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Purvis, Charles Burleigh (1842-1929)

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Charles Burleigh Purvis, surgeon and medical educator, was instrumental in the development of Howard University’s medical department. On July 2, 1881 Purvis was one of the attending physicians following the assassination of President James A. Garfield.

Purvis was born in Philadelphia, Pennsylvania on April 14, 1842 to abolitionists Robert Purvis Sr. and Harriet Forten. One of eight children, Purvis’ early education was in Quaker schools in Burberry, Pennsylvania. At the age of eighteen he enrolled in Oberlin College in Ohio, earning a bachelor’s degree in science in 1863. He then entered medical school at Wooster Medical College (renamed Western Reserve Medical School) in Cleveland, graduating two years later in 1865.

After medicals Purvis enlisted in the Union Army as an acting assistant surgeon. He was stationed at Fort Campbell Army Hospital as both a nurse and a surgeon during the Civil War and was later one of six black physicians posted at Freedman’s Hospital in Washington, D.C. After his enlistment ended in 1869 he began teaching at Howard University down the street from the hospital.  In 1871 he married Ann Hathaway from Eastport, Maine.  The couple had two children, Alice and Robert.  

Purvis continued training black doctors at Howard University, known on campus for his strict teaching and high standards. In addition to teaching, Purvis became an assistant surgeon at nearby Freedman’s Hospital, a dual role that would eventually create the intimate teaching relationship between the hospital and the university. In 1873 he switched specialties and began teaching obstetrics, gynecology and pediatrics, and was also appointed secretary of the faculty, a position he held until 1986.  His tenure, however, proved to be particularly trying with the onset of a national financial crisis. Only because of Purvis’ selflessness and perseverance was Howard University’s Medical Department able to keep its doors open. Purvis, as well as many other faculty members, began to teach while receiving little, if any, salary.

In 1881, the year that Purvis became the first African American to head a civilian hospital, U.S. President James Garfield was shot at Washington’s Baltimore and Potomac Railroad station. Garfield was sequestered to the station’s second floor and was attended to by several physicians, including Purvis. Garfield died eleven weeks days later, becoming the second U.S. president to be assassinated.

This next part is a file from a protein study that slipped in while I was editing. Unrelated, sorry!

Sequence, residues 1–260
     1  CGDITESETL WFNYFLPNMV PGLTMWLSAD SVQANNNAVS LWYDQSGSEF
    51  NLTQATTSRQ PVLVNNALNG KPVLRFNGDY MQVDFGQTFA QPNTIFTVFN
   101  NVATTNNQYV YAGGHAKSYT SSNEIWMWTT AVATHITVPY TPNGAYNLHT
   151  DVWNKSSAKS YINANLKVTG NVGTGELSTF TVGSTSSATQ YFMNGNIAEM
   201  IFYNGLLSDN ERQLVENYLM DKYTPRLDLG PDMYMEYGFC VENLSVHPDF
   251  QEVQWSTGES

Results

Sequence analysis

Purvis continued to serve as faculty secretary of Howard University as well as surgeon-in-chief at Freedmen’s until the mid-1890s.  In 1890 he became the president of the Howard University faculty. In 1898 his wife Ann died. Three years later Purvis married Jennie Butman from Manchester, New Hampshire. In 1903 Purvis fought Congress’ proposal to shut down Freedman’s Hospital, succeeding instead to get the District of Columbia to construct its new municipal hospital on Howard University’s grounds.  

The next year Purvis passed the Massachusetts State Board exams and was admitted to the Massachusetts Medical Society, just in time for his 1905 relocation to Boston, Massachusetts. In 1907 he resigned from Howard University’s medical faculty but remained on the Board of Trustees until 1926.  Charles Purvis died on December 14, 1929 in Boston at the age of 87.

Sources:
United States National Library Of Medicine “Binding Wounds and Pushing Boundaries”, http://www.nlm.nih.gov/exhibition/bindingwounds/index.html; “Charles Burleigh Purvis,” Journal of the National Medical Association 45:1 (January 1953) http://www.ncbi.nlm.nih.gov/pmc/articles/PMC2617156/; Clinton Cox, African American Healers (New York: Wiley Company, 2000).

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University of Washington, Seattle

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